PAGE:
This is an old story, the ending of which was told by Sun Tzu, circa 500 BC, in the Art of War. No state has ever benefited from protracted war. We are witnessing the crumbling of America, on many many fronts, as the resources for renewal are squandered and hemorrhaged abroad in military adventures. Boot and Cohen are simply employees, paid by the MIC to explain to us unwashed masses why thousands of years of experience and common sense are untrue. Elite mismanagement, as they profit-seek, brings the crises, for which they need cheerleaders like Boot and Cohen. And now, after being continually wrong for decades, they are mystified why they are disregarded. We are all living long lives. There may yet be time for them to be sent to the countryside to grow vegetables, and be re-educated into becoming human, with regard for same.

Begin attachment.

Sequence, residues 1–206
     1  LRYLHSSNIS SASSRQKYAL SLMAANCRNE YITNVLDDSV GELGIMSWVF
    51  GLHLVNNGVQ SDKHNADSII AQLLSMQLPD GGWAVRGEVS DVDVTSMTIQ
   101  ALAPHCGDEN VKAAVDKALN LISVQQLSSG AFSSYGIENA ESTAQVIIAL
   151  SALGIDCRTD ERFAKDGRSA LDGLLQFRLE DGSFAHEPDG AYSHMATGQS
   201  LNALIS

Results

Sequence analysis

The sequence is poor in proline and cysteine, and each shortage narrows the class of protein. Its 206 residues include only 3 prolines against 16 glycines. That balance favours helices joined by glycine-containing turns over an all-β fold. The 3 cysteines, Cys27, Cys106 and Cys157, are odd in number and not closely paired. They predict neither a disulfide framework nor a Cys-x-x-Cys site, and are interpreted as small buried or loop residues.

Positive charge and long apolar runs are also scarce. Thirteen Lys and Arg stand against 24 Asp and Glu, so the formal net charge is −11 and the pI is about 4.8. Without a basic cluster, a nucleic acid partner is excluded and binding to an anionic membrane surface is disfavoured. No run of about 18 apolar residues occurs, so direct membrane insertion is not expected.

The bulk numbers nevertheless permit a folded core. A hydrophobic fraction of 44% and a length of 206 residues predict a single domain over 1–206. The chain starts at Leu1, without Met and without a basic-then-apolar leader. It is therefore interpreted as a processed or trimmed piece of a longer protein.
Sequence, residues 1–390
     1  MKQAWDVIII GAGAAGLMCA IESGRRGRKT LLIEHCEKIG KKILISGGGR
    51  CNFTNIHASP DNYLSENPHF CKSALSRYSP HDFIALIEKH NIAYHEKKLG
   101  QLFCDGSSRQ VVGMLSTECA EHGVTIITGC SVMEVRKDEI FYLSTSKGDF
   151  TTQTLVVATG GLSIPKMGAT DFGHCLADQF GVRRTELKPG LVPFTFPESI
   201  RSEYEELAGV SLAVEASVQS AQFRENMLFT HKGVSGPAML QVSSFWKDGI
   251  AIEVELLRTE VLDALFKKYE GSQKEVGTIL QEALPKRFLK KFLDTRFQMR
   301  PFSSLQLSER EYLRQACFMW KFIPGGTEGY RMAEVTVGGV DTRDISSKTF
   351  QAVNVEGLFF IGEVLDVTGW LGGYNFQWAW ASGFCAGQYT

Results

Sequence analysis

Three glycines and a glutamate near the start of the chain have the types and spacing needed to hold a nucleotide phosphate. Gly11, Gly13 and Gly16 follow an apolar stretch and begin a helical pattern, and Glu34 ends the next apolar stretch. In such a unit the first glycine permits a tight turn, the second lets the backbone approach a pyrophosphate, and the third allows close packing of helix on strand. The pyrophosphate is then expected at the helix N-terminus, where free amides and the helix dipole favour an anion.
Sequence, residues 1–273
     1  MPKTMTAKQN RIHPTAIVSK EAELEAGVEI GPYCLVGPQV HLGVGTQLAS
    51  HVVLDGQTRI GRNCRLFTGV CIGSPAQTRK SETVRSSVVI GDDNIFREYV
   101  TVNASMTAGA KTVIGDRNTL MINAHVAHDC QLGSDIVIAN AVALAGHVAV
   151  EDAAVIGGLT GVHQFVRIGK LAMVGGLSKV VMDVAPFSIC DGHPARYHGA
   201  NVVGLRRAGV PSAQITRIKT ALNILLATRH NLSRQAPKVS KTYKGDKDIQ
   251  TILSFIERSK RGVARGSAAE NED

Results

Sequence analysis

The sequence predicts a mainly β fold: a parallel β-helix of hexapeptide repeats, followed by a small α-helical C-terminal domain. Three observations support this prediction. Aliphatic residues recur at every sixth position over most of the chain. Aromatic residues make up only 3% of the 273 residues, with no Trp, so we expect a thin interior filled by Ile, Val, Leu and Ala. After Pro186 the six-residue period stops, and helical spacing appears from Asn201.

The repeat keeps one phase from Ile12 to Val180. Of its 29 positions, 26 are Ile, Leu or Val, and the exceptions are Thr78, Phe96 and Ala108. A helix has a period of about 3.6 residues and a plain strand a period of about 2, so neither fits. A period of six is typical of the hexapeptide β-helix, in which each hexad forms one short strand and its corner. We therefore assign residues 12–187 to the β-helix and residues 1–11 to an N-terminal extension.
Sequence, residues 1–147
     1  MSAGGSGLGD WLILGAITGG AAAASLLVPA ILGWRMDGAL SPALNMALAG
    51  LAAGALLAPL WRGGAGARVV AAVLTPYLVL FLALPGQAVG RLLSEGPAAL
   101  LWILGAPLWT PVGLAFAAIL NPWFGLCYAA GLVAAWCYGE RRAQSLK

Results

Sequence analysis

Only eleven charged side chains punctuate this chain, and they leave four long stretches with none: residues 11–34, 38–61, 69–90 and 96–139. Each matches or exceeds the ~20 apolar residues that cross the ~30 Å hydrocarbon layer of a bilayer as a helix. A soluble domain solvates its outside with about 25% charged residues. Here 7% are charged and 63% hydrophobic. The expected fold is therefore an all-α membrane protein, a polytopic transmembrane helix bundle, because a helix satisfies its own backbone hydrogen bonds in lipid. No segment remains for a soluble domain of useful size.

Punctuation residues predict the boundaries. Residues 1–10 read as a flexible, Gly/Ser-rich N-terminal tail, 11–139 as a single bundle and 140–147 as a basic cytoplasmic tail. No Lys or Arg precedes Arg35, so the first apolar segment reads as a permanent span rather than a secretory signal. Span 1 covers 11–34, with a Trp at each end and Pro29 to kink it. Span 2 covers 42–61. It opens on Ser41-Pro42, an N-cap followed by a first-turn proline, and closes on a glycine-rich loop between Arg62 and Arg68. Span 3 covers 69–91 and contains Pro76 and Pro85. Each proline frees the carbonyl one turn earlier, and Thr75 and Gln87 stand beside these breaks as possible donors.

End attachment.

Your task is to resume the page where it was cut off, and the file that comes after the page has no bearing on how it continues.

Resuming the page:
#28 Comment By connecticut farmer On January 3, 2018 @ 1:24 pm

Contributor LouisM is on target. I was, and remain, no fan of Trump but the Clinton woman was simply unacceptable, a “congenital liar” in the immortal words of the late William Safire, whose main accomplishment was marrying a POTUS and who, aided and abetted by a fawning media, catapulted herself into prominence essentially on the basis of name recognition and little else (does anyone seriously believe that she had any qualifications whatsoever to serve as Sec’y of State?). Though it’s become a cliche’ by now the statement has to be repeated again: Trump was the middle finger from Middle America to The Beltway Culture.

And in the end Boot, Cohen etal. have no one but themselves to blame.